Senior Director, State Affairs at Pharmaceutical Care Management Association (PCMA)
Area of Practice: Capital Lawyering
Year Graduated: 2004
April Alexander serves as Regional Director of State Affairs at Molina Healthcare in Sacramento, California, where she manages the legislative affairs for the western region Molina states. In this role, she works with the Washington, California, Utah and New Mexico Molina health plans to develop and implement legislative, regulatory and political strategy. Molina contracts with Medicaid information systems, independently employs primary care doctors, and currently has about 1.8 million members. Before Molina, she served as the Director of Legal and Regulatory Affairs for the California Association of Health Plans, where she was responsible for regulatory advocacy on behalf of the health care plans that participate in California's state health programs and for providing legal and policy support on a variety of Medicaid and CHIP legislative issues. Before entering the private sector, she served as licensing counsel at the California Department of Managed Health Care. Ms. Alexander recently was a speaker at the 2012 CSG National Conference where she presented a plan to contain Medicaid Cost. April holds a Bachelor's degree in Political Science from Cal State, Chico and a J.D. from the University of the Pacific McGeorge School of Law.
When she attended Chico State as an undergrad, April Alexander, '04, worked in a pathology lab that served Medi-Cal and Medicare patients.
When the health programs denied payment, Alexander would decide whether the service should be covered after looking at Medi-Cal and Medicare rules for payment. If she felt the service was a covered benefit, she would call the programs' administrators and wrangle with them to pay for it. While she's always been interested in politics, the job helped spark a love for health care policy.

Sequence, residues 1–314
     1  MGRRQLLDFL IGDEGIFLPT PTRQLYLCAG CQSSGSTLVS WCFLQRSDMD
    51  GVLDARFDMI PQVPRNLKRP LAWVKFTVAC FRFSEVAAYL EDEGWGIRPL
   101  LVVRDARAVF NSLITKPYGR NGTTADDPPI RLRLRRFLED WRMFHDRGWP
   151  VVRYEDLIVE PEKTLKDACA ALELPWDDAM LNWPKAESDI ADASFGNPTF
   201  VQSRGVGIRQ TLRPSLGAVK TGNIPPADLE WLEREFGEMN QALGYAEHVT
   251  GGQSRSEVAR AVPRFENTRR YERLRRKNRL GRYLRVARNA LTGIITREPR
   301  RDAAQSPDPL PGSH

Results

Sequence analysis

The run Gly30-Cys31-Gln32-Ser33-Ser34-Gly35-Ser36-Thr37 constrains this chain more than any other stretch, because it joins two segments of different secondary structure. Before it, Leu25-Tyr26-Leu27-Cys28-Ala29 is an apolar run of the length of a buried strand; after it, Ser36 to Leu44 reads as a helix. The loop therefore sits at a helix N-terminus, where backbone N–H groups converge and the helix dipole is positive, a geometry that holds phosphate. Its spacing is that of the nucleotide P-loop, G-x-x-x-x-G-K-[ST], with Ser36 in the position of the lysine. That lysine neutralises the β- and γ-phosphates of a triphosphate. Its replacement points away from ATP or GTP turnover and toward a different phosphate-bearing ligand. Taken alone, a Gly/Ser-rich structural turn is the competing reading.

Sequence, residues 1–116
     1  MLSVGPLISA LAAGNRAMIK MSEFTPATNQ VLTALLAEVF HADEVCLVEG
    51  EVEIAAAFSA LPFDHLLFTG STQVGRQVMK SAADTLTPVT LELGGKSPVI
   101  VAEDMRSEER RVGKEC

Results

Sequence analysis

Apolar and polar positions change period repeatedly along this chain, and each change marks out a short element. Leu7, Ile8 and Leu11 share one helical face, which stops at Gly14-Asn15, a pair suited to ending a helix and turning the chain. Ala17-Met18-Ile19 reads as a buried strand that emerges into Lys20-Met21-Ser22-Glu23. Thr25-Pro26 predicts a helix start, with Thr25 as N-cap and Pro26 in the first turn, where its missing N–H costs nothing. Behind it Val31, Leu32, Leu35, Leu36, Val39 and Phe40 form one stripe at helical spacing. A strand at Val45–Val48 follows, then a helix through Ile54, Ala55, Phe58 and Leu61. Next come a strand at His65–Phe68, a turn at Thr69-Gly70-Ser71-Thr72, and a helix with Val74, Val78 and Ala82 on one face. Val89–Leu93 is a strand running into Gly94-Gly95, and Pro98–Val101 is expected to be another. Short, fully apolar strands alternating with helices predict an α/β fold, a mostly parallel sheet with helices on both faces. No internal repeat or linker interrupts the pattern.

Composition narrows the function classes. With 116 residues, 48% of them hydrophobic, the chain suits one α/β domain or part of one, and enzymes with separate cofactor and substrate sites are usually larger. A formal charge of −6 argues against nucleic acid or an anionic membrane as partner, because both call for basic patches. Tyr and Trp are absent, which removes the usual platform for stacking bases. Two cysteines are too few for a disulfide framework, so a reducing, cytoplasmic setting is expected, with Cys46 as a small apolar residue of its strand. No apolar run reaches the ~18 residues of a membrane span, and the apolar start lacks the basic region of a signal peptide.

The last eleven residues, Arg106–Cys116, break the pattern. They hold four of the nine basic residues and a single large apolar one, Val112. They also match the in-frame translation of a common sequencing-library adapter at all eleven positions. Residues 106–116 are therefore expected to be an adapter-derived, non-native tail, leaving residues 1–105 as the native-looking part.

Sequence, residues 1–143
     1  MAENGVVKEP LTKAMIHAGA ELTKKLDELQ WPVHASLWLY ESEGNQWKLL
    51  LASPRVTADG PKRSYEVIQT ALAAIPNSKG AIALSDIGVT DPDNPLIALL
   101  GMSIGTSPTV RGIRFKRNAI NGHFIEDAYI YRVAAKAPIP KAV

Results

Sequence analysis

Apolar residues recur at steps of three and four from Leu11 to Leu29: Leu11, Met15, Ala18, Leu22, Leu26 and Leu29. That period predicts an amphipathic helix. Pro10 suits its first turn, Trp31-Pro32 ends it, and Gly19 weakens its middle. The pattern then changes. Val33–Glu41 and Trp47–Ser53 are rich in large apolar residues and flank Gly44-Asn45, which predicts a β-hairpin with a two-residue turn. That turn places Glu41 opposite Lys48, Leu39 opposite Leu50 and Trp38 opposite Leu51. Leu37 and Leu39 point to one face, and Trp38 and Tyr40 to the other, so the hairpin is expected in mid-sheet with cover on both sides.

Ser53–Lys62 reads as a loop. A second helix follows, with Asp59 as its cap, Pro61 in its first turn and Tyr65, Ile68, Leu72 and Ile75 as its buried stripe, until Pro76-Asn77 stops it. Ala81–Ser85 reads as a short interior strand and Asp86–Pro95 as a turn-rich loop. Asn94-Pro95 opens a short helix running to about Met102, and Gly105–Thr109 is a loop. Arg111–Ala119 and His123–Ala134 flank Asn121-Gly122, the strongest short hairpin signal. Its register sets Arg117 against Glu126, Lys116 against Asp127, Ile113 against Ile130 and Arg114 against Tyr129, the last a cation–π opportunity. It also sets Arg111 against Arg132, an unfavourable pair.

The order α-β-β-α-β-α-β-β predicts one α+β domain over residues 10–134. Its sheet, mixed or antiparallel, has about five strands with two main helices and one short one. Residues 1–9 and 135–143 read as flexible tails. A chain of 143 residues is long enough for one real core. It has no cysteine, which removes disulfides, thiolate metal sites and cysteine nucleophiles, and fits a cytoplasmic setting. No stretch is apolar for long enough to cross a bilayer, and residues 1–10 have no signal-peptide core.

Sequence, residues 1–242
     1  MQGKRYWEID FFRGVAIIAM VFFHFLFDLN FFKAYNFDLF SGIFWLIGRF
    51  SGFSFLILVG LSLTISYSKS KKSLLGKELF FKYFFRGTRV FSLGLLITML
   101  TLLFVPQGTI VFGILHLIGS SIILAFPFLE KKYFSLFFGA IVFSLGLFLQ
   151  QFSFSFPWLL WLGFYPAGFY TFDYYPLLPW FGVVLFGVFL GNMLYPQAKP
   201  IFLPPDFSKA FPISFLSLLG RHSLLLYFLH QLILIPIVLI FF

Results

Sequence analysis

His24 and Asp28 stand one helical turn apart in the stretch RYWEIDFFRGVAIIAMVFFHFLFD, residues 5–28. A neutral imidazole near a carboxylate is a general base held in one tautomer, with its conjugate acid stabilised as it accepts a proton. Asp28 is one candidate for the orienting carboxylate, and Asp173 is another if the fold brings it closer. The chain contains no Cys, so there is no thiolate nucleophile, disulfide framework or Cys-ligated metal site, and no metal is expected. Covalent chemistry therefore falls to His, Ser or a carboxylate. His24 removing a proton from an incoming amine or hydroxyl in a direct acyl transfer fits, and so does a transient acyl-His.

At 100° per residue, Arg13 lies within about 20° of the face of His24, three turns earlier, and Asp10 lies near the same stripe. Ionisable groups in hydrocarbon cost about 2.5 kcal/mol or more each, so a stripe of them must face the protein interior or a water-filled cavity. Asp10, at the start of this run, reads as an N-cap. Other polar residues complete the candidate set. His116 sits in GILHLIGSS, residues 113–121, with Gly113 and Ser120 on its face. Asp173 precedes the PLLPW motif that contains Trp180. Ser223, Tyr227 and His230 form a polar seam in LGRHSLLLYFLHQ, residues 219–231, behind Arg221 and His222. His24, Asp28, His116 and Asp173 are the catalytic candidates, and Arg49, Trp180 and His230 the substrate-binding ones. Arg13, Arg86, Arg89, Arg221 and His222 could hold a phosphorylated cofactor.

"I realized at that time that the government makes a lot of decisions that impact every one of us in health care, and a lot of people don't realize that," says Alexander, a registered lobbyist and director of state affairs for Molina Healthcare in Sacramento. "I thought it was an interesting policy area."
The claim denials got Alexander thinking about how health care policy is formed. Most of the lab's patients would go in for an annual checkup and did not know their tests would go to a lab for review. Sometimes, Medi-Cal or Medicare would pick a subset of services and pay for those. At work, Alexander would think about how someone in federal or state government made the rule deciding what medical services government would cover.
"I was always interested in the debate before making that rule," she says. "What kind of information does a member of Congress have about specific medical services that people need? Is that congressperson making a good decision? Is it well informed? What influences it? Is it money changing hands? What motivates that congressperson to make that decision about covered benefits?"
Alexander joined Molina in 2008. Molina is a multistate Medicaid managed care organization. It contracts with state governments to help manage their Medicaid programs and also runs about two dozen primary-care clinics. Alexander manages the legislative affairs for California, Washington, Utah and Florida. Her job is split between political affairs and policy - developing relationships with politicians, political candidates, health care stakeholders and others, and working on impacting laws that support health care programs for low-income populations.
"I find it rewarding to take something people aren't interested in and to turn it into something they are," she says. "The best example of that is the federal health reform policy enacted in 2010. The last three years have been about explaining that to state policymakers and making sure people understand what it really does instead of what they've heard on the news, which may be incorrect."
After graduating from Pacific McGeorge School of Law, where she completed the government affairs certificate, Alexander became staff counsel for the state Department of Managed Health Care. In 2007, she joined the California Association of Health Plans, the trade association for the state's HMOs. Alexander was the director of legal and regulatory affairs and represented HMOs to regulatory agencies on Medi-Cal issues. She always has been drawn to working on behalf of the underserved. "I do like the fact that at the end of the day when I'm advocating for funding in the state budget for Medicaid programs, it ultimately will help low-income populations," she says. "That makes me happy."